My Landlord is suing to evict me from a rent stabilized apartment. Landlord is registered with the Division of Housing and Community Renewal, but not with the Department of Housing Preservation and Development. Does Landlord have standing to evict me?
Landlord / Tenant Lawyer
Does my landlord have standing to evict me?
Perhaps I might help.
An attorney for a tenant is almost a necessary requirement to properly protect a rent stabilized tenancy under attack by a landlord in New York Housing Court.
In a landlord and tenant relation usually only your landlord has standing to evict you. The issue is whether your landlord has legal grounds to evict you. Because you are a rent stabilized tenant, the landlord is legally limited to the grounds which he may have available to refuse to renew the lease, the landlord is bound to offer a renewal lease to you unless the landlord has grounds and facts to support a "window period" notice of intention to refuse a renewal lease. Your defense may be founded on an improper notice, an untimely notice and on a lack of facts to support the notice of refusal to renew the lease. Your attorney should be able to chart your defense to your advantage to look to recover your renewal lease.
You could read more about your rights as a rent stabilized tenant to an offer of renewal lease at:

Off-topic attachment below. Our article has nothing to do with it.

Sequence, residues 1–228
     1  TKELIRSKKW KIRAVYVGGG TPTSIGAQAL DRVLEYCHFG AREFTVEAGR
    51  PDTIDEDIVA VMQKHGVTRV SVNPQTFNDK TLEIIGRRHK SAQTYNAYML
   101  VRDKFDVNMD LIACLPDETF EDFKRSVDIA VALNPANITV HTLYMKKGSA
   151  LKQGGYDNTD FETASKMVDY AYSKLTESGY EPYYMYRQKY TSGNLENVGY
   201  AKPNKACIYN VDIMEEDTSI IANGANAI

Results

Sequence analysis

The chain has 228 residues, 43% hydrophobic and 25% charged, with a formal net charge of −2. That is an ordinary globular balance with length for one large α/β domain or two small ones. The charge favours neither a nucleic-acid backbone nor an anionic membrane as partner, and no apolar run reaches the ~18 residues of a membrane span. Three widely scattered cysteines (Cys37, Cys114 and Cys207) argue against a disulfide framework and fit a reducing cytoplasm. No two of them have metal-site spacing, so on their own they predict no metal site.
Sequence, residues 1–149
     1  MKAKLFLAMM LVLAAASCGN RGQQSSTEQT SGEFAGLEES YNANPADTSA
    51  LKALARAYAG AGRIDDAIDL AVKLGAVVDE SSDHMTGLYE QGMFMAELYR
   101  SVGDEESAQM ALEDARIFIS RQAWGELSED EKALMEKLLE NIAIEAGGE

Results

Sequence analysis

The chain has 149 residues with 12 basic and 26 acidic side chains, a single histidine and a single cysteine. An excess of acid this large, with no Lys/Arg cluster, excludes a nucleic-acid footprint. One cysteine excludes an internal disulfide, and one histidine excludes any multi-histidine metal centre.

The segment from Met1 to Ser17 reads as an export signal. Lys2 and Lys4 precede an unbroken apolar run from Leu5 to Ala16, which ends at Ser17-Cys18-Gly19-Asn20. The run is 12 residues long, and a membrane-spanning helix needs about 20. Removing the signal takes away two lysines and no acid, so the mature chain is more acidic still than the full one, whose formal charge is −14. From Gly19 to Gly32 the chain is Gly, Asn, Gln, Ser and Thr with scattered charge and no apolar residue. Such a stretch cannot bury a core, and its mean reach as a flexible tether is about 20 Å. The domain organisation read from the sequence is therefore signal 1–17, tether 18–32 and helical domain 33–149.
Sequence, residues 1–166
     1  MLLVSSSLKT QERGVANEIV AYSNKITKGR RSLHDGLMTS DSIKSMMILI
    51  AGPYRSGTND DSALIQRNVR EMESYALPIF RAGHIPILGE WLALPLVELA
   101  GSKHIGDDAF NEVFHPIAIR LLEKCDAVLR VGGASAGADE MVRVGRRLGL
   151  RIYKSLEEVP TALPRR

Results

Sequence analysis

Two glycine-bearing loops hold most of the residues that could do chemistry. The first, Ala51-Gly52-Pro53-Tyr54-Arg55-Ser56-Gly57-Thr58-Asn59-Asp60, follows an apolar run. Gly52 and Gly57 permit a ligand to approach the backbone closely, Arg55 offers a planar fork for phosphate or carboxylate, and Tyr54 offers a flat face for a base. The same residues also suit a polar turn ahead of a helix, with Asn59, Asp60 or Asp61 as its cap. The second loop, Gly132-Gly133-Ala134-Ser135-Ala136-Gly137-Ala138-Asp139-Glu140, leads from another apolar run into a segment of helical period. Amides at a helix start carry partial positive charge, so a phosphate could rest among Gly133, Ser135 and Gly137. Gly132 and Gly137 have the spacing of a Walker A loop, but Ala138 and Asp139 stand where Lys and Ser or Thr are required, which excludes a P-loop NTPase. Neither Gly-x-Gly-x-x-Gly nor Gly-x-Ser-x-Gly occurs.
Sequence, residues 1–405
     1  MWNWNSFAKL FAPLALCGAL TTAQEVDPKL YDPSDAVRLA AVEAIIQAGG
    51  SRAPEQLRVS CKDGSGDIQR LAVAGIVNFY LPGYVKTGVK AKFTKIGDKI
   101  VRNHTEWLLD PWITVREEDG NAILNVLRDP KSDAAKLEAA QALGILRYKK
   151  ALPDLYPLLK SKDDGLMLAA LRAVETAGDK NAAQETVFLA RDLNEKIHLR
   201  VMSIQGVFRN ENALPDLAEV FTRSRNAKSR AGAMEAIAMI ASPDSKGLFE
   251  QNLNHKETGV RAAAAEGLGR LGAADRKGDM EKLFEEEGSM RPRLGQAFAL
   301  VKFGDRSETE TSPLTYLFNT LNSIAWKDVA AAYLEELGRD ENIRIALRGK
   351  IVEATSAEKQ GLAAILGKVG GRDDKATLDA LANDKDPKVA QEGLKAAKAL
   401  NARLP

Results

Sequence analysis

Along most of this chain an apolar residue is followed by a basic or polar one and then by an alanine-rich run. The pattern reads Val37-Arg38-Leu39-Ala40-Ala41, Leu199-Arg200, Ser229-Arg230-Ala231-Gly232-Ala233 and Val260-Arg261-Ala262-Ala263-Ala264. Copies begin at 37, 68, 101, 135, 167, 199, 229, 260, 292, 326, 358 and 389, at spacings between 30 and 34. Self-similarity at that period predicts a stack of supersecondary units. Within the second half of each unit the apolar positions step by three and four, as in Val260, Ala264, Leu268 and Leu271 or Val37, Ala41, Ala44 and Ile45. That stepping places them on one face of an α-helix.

In relation to the failure to maintain a current registration with NYC HPD, case law has developed along lines that allow a landlord to correct or register the multiple dwelling even during the course of the proceeding. There are some court decisions that suggest that in a holdover proceeding the landlord does not need to comply with the court rule that requires a statement in the petition stating the status of the building as a multiple dwelling and the registration information if it is a multiple dwelling.
The answer provided to you is in the nature of general information. The general proposition being that you should try to avoid a bad outcome if you can.
The landlord cannot evict you if the property is not registered with HPD, unless two conditions are met: (1) the building has only one or two apartments, AND (2) the landlord lives in one of the units. Otherwise, the building must be registered with HPD, and the petition must allege that the landlord is registered (and provide the Multiple Dwelling Registration number, if applicable).
I strongly recommend, however, that you retain a landlord-tenant attorney now and not attempt to handle the eviction proceeding on your own. This case might fail because the landlord isn't registered with HPD, but you can be sure that the landlord will register and start a new eviction proceeding. A good attorney will help you negotiate a settlement and protect your valuable rights in the apartment. Good luck.